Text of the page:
There are several different systems used to stage breast cancer, but one of the most widely used is the TNM system (Tumour, Node, Metastasis). This system takes into account the size of the tumour (T), whether the cancer has spread to the lymph nodes (N), and whether the cancer has spread to other parts of the body (M). The stage of the cancer is determined by combining these three factors.
These are the stages of breast cancer:
- Stage 0: Cancer is found only in the lining of ducts or lobules and has not spread to surrounding tissue.
- Stage I: The tumour is 2 centimetres (cm) or smaller, and the cancer has not spread to the lymph nodes.
- Stage II: The tumour is larger than 2 cm but has not spread to the lymph nodes. or The tumour is 2 cm or smaller, and cancer cells are found in 1-3 axillary (underarm) lymph nodes.
- Stage III: The tumour is larger than 2 cm and cancer cells are found in 1-3 axillary lymph nodes. or Cancer has spread to 4-9 axillary lymph nodes or internal mammary lymph nodes, and the tumour may be any size. or Cancer has spread to the chest wall and/or skin of the breast, and the tumour may be any size, but it has not spread to the lymph nodes.
- Stage IV: The cancer has spread to distant parts of the body, such as the bones, lungs, liver, or brain.
Knowing the stage of the cancer is crucial for predicting the prognosis and determining the best course of treatment.
Treatment of breast cancer
Treatment for breast cancer can vary depending on the stage of the cancer and the patient’s overall health. The treatment options mostly used for breast cancer include:
- Surgery: Surgery is typically the first line of treatment for breast cancer and the goal of surgery is to remove as much of the cancer as possible. There are two main types of surgery for breast cancer: lumpectomy, which involves removing the tumour and a small amount of surrounding tissue, and mastectomy, which involves removing the entire breast. In some cases, a lymph node biopsy may also be performed to determine if the cancer has spread to the lymph nodes.
- Radiation therapy: Radiation therapy involves using high-energy X-rays to destroy cancer cells. It may be recommended after surgery to destroy any remaining cancer cells and reduce the risk of the cancer coming back. Radiation therapy can also be used as a primary treatment for patients who are not candidates for surgery or who choose not to have surgery.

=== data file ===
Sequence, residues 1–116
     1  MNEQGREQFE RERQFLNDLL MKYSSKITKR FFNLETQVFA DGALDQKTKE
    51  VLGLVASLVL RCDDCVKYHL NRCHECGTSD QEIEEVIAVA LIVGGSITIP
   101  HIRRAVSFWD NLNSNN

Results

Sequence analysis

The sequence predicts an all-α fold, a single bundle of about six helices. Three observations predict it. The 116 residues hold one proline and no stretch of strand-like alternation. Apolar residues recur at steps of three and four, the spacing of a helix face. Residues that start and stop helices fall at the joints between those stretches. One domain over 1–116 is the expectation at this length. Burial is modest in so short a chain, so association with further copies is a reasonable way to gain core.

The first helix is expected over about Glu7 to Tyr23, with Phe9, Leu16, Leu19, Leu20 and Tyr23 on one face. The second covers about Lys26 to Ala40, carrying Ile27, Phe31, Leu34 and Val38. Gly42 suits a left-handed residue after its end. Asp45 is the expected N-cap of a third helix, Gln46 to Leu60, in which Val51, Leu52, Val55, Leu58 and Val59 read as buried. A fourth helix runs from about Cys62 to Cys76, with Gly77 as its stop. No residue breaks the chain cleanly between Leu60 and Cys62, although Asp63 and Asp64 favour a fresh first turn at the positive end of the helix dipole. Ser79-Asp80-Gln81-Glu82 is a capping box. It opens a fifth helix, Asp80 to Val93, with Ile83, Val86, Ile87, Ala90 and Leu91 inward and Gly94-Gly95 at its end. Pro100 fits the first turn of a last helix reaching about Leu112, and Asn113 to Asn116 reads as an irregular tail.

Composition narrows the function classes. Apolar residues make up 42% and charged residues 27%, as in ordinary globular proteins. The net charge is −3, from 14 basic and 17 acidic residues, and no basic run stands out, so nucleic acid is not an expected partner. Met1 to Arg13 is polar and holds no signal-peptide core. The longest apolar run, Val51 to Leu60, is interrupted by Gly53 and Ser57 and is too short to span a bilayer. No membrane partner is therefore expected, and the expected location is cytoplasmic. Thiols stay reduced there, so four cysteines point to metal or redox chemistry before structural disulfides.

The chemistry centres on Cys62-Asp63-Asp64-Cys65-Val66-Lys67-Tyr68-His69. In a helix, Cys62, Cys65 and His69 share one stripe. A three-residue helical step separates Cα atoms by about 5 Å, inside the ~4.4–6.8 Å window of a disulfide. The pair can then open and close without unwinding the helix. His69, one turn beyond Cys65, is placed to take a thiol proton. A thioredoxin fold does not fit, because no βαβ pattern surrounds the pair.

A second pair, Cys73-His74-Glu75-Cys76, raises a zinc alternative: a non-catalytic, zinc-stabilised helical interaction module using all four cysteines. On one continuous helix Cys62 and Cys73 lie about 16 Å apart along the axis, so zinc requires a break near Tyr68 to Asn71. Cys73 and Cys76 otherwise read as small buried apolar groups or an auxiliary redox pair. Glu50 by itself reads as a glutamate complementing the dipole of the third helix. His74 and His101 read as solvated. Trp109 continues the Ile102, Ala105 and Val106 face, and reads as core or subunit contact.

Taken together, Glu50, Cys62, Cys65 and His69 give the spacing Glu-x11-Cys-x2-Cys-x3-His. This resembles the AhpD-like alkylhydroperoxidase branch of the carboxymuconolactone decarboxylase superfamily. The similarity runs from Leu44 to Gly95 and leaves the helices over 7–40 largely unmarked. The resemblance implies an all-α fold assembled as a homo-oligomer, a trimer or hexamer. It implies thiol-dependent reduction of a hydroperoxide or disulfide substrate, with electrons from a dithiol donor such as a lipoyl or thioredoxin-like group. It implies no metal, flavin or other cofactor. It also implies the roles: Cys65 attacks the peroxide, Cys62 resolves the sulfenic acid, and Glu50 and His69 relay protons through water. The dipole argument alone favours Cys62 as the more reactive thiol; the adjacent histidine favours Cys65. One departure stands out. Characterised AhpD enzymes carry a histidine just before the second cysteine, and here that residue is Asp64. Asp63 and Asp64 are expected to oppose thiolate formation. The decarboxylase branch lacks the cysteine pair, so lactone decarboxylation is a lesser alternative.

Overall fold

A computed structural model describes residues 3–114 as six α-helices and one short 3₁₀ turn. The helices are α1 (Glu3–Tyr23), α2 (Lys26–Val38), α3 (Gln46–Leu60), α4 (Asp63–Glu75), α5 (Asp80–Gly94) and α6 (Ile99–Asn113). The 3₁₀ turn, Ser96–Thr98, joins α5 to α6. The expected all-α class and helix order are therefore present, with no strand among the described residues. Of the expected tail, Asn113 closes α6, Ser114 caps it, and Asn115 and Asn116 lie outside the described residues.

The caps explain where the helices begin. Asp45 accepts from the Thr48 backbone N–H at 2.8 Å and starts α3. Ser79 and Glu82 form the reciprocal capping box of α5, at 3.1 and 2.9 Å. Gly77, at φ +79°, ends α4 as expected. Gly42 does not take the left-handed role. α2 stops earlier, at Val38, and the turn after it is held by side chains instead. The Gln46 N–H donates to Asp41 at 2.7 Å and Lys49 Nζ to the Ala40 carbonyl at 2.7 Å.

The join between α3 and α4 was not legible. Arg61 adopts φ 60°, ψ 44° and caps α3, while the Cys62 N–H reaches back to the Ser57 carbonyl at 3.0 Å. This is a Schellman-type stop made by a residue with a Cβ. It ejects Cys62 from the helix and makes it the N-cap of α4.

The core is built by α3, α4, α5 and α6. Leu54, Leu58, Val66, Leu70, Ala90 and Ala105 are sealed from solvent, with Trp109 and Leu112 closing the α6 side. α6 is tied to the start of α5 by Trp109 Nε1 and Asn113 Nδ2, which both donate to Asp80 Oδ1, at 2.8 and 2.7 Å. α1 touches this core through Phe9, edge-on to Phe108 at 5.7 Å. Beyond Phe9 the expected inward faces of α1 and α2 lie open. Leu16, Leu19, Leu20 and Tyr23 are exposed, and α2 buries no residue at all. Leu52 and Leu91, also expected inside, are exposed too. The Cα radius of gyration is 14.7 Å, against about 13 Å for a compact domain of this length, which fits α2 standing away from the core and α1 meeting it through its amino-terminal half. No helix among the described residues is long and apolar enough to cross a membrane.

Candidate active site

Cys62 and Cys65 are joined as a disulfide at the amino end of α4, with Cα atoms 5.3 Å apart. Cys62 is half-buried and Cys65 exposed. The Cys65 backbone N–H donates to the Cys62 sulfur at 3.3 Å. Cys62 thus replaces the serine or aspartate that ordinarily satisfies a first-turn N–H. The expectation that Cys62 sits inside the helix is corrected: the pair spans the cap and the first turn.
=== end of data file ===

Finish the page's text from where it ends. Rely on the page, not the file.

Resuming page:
- Chemotherapy: Chemotherapy uses drugs to kill cancer cells. It may be recommended before or after surgery to shrink the tumour or to kill any remaining cancer cells. It can also be used as a primary treatment for patients who are not candidates for surgery or who choose not to have surgery.
- Hormone therapy: Hormone therapy uses drugs to block the effects of hormones on breast cancer cells. It may be recommended for patients with breast cancer that is sensitive to hormones.
- Targeted therapy: Targeted therapy involves using drugs that target specific molecules on the surface of cancer cells. This treatment may be recommended for patients with certain types of breast cancer that have specific genetic changes.
- Immunotherapy: Immunotherapy is a new way of treating cancer by using the patient’s immune system to fight the cancer. This treatment may be used in specific cases of breast cancer.
The choice of treatment will depend on the stage and type of breast cancer, as well as the patient’s overall health and personal preferences. Combination of treatments is usually recommended.
Prevention of breast cancer
These measures may not necessarily prevent breast cancer, but they can help to reduce the risk. There are several things that can be done to reduce the risk of breast cancer, including:
- Maintaining a healthy weight: Being overweight or obese increases the risk of breast cancer, especially after menopause. By maintaining a healthy weight through diet and exercise, the risk can be reduced.
- Regular exercise: Regular physical activity has been shown to reduce the risk of breast cancer. Get at least 30 minutes of moderate intensity exercise every day, such as brisk walking.
- Limiting alcohol consumption: Drinking alcohol can increase the risk of breast cancer. Limiting alcohol consumption to less than one drink per day can help to reduce the risk.
- Breastfeeding: Breastfeeding has been shown to reduce the risk of breast cancer, especially if breastfeeding is done for a longer period of time.
- Hormone therapy: Hormone replacement therapy (HRT) can increase the risk of breast cancer. Women who are considering HRT are advised to discuss the risks and benefits with their healthcare provider.
- Genetic counselling and testing: Women who have a family history of breast cancer or carry a BRCA1 or BRCA2 gene mutation are at higher risk of developing the disease. Genetic counselling and testing can help identify women who are at high risk and help them make informed decisions about their health.
- Regular screening: Regular screening for breast cancer, such as mammograms and breast self-examinations, can help detect the disease early, when it is most treatable.
Breast cancer can occur in women without any known risk factors. It often has no symptoms in its early stages and that’s why it’s so crucial to undergo regular screenings, such as mammograms and breast exams, as well as self-examinations to detect any abnormal changes.
It’s so vital to be familiar with the symptoms and undergo regular screening. This is because early stage cancers can often be treated more effectively than advanced stage cancers.
It’s also important to have a good understanding of the diagnosis and treatment options, and to work closely with a team of medical professionals including oncologists, breast surgeons, radiation oncologists and other specialists. This will help to make the right decision about the best course of treatment.